The student debt total in the US has surpassed the 1 Trillion dollar mark and more and more students are graduating with a diploma in one hand and a student loan debt bill of $35,000 or more in the other. With this increased financial burden many would-be first time home buyers are worried that they will never be home owners.
How Student Loan Debt Affects Home Buying
Having a large balance of unpaid student loans can negatively impact your mortgage approval. Strict new borrowing guides force lenders to disqualify candidates with high debt to income ratios. If your debt consumes 40-45% of your income there is a strong possibility you will be denied for a home loan.
Loan Deferment is another obstacle you may encounter when applying for a home loan. Due to a down economy many student debtors have deferred their loans (this simply means they have been granted a delay in repayment due to going back to school or financial hardship). While this is an excused delay in repayment, it could be unfavorable for your loan acceptance. It is better for your student loans to be in repayment mode and be in good standing before applying for a mortgage.
Keep Student Loans From Crushing Your Home Buying Dreams
Before you go too far down the road of looking at beautiful houses you wish to own one day, it is important for you to meet with a lender to start the pre-approval process. This will help you determine if you are ready to buy a house, how much house you can afford and what, if any, obstacles you need to overcome before buying.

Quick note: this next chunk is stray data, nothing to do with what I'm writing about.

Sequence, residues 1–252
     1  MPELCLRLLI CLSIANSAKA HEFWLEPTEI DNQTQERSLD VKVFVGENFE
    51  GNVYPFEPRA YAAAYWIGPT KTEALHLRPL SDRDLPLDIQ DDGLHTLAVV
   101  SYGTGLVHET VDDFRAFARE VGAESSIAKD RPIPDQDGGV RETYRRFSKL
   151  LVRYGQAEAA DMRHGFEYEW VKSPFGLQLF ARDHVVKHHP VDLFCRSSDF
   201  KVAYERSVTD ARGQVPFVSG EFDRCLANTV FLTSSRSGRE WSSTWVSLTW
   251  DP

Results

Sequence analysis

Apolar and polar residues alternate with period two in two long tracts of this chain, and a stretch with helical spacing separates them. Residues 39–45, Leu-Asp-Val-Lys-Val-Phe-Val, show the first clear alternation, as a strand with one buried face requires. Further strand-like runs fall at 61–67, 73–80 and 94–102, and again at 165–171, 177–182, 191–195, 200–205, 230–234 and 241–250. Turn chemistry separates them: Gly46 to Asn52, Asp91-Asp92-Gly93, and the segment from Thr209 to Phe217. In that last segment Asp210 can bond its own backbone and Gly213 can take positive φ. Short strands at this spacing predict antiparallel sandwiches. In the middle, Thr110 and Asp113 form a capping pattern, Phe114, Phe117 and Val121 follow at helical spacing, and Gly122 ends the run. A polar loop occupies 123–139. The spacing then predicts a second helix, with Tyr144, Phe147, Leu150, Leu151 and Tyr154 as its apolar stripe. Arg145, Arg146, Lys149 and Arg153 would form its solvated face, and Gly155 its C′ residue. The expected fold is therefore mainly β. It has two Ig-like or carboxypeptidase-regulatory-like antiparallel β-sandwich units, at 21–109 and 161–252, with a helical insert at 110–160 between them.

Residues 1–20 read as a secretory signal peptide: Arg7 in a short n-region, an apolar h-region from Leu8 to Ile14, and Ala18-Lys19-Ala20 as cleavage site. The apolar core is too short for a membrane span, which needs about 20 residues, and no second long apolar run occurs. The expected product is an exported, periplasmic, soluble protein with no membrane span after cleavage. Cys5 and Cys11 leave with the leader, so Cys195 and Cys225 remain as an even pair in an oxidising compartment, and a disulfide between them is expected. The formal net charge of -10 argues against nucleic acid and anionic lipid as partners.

The following tips will help make sure you get approved:
- Know your credit score. Your lender will pull your credit for you but if you are 3-6 months out from even thinking of contacting a lender then you might want to request a copy of your own credit report. Fix any errors and take care of any accounts that are overdue or unpaid.
- Consolidate or Pay Off Student Loans. If you have any small student loan accounts you can work towards paying them off. Many young people are a ways off from that but you might be eligible to consolidate your student loans and receive a lower monthly payment.
- Decrease your debt to income ratio. If you have a high percentage of debt that you cannot immediately reduce, try to increase your income. See if you are eligible for a raise or think of the possibility of getting a second job for a while to flip your debt to income ration in your favor.
- Save up a larger down payment. The more money you are able to put down, the less you have to borrow. Some or all of your down payment money might be able to come as a gift, talk to your lender for more details.
- For extreme cases consider having a co-signer on your loan. Having a relative co-sign on your mortgage can be a risky move but it is possible to use it to give you more buying power or help you get approved.
To get more information on buying a home despite your student loans, call us at 314-571-9225 or fill out the form on this page and one of our expert real estate professionals will contact you.